Now the twist to the story. Rama does not know that he is God born into the World for a purpose, so he tries to behave as most of us human beings do. In fact, on some occasions, even when the Gods remind him that he is divine, he disowns such distinctions and declares that he is just a human being, just a son of Dasaratha, the King. In this light, you have to judge all actions and statements of Rama only from a human standard, just like what any one of us would have done placed in similar circumstances. It is seen that even though a man, Rama had an unusually high and perfect standard of morality, behaviour pattern, beliefs, adherence to the Vedas and other holy texts, customs and traditions. He was no revolutionary, like Sri Krishna of a later time was. Rama was a conformist, a traditionalist, respecter of the old values etc.
There are two occasions in the Ramayana, where his behaviour has been severely criticised, and he has been accused of outrageous behaviour towards his wife Sita. In the process, he outrages the modesty of womanhood itself, and sets a bad example. I am an ardent devotee of Sri Rama but, still hold the view that what he did to Sita was inhuman, unpardonable in any circumstance.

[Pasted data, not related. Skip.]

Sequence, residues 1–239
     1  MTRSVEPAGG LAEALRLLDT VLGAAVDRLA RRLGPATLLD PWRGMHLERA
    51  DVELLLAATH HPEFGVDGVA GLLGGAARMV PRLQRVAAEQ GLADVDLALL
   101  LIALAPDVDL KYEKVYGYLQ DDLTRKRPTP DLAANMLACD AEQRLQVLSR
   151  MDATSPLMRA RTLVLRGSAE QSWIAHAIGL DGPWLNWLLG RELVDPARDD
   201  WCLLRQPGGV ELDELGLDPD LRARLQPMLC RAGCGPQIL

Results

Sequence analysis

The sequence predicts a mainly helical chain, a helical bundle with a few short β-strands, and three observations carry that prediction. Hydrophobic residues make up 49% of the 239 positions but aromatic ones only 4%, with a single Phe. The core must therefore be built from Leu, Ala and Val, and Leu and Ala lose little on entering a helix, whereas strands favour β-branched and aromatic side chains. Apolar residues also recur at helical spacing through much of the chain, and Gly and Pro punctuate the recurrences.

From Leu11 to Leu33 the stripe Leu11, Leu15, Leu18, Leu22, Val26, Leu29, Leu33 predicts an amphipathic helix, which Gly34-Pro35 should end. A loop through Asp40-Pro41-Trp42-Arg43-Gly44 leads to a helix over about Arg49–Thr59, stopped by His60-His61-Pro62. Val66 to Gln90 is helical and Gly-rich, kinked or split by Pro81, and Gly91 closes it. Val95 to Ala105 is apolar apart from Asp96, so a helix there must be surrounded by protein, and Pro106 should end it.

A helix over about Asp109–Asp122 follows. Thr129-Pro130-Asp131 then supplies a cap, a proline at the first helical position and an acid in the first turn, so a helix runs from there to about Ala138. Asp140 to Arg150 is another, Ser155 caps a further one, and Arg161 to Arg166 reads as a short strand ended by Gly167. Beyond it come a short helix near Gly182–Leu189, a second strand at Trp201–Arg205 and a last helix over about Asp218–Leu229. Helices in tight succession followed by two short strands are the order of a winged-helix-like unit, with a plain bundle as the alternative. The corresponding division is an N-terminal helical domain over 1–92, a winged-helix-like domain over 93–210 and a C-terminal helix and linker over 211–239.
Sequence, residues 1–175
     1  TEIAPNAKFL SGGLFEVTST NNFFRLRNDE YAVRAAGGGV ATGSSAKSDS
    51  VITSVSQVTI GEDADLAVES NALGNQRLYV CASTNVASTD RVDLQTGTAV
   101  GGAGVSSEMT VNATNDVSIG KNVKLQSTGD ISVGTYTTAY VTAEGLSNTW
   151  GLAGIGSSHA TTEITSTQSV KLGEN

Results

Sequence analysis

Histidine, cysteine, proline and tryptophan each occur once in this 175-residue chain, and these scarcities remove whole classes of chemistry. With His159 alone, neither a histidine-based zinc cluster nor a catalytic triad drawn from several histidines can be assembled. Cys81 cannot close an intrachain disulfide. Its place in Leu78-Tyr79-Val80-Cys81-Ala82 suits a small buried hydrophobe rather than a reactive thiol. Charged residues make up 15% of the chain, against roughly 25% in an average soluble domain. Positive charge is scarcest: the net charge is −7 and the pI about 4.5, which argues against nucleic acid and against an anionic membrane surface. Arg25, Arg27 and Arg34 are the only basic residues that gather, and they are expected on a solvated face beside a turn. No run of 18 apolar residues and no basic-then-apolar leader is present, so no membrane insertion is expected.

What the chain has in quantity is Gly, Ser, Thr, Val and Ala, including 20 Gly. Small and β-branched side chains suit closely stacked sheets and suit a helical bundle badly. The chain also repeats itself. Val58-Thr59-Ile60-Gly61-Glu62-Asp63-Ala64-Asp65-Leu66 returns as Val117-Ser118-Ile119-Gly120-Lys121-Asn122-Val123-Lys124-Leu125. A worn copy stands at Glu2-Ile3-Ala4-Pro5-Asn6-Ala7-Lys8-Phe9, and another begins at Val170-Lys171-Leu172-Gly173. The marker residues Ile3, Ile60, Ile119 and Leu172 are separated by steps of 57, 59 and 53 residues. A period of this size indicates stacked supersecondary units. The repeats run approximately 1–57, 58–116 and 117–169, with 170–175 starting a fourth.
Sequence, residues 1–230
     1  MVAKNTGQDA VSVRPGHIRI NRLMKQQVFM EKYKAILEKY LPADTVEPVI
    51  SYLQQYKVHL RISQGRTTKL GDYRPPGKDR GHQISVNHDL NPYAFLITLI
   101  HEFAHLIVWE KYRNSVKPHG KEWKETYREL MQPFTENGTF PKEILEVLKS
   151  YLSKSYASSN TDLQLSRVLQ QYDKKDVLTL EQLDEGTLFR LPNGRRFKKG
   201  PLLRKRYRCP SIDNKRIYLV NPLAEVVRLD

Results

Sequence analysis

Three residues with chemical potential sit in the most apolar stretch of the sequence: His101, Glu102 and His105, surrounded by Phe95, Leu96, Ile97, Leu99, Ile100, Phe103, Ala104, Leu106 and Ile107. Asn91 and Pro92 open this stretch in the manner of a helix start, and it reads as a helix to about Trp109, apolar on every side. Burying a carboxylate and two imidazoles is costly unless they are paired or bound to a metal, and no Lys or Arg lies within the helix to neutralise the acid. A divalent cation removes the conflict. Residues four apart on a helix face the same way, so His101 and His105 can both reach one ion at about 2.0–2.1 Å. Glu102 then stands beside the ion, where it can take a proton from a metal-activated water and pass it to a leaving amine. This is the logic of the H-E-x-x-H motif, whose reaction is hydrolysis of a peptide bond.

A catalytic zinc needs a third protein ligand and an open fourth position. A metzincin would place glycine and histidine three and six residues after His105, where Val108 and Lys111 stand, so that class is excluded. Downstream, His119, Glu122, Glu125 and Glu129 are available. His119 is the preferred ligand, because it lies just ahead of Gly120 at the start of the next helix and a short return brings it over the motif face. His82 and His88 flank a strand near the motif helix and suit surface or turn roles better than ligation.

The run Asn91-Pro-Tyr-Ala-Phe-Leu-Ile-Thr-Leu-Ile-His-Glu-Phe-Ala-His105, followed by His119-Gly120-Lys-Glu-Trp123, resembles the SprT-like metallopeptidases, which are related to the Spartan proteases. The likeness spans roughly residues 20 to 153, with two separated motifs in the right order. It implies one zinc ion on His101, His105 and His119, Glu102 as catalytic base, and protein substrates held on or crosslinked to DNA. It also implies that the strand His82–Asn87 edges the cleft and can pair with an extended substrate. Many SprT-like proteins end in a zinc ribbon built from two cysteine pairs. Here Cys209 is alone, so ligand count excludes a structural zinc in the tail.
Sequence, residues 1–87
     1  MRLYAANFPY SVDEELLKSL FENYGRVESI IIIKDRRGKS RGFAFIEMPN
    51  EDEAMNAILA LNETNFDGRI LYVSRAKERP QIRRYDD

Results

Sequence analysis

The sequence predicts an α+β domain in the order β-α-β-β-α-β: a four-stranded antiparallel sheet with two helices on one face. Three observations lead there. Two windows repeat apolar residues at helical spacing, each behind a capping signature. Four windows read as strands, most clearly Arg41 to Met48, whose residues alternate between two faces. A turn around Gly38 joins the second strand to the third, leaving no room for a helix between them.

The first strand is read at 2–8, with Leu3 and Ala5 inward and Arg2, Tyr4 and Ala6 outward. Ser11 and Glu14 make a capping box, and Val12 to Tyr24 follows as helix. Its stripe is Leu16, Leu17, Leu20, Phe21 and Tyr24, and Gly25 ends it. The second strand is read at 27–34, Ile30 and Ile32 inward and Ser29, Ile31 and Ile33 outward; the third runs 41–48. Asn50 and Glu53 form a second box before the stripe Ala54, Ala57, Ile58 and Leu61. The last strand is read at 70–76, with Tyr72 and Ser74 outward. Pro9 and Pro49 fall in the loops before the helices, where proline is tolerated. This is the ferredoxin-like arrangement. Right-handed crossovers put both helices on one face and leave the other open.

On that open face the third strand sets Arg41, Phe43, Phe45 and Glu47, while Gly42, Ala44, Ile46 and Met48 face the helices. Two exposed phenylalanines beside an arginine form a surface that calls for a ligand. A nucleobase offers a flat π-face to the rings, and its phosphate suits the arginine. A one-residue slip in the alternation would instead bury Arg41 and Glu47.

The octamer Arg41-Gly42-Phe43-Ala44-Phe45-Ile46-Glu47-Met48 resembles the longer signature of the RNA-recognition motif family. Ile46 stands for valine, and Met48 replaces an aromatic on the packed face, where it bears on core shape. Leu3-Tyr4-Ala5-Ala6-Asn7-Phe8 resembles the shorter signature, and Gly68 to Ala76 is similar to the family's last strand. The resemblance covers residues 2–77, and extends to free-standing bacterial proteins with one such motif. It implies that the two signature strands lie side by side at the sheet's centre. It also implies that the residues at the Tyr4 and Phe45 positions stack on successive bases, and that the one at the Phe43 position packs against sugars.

The two occasions are: (1) Ravana is killed and Rama sends Hanuman and later Vibhishana to inform Sita in Asoka Grove about this, and that he is ready to receive her. Sita comes before him, and before she could even look at his face, he uses the foulest language towards her and says: I have upheld the dignity of my great family of Kings by showing my valour and killing the kidnapper of my wife. But I have no more use for you, you are to me like a bright light to a man with eye-sores. You are a free woman now, and can choose to go where you like and with any other person. Get lost, he says. And Sita retorts, saying you are talking like one tribal to another. Unlike you, I am not born of human parents but am of divine origin. I will go back to my Mother, the Earth, from where I was picked up by my foster father King Janaka. On her orders, and with Sri Rama's tacit consent, Lakshmana prepares a fire into which Sita enters and disappears. A few minutes later all the Gods arrive, including the Fire God who said he could not bear the heat of Sita's chastity and purity. On all the Gods persuading forcefully and convincingly Rama accepts Sita.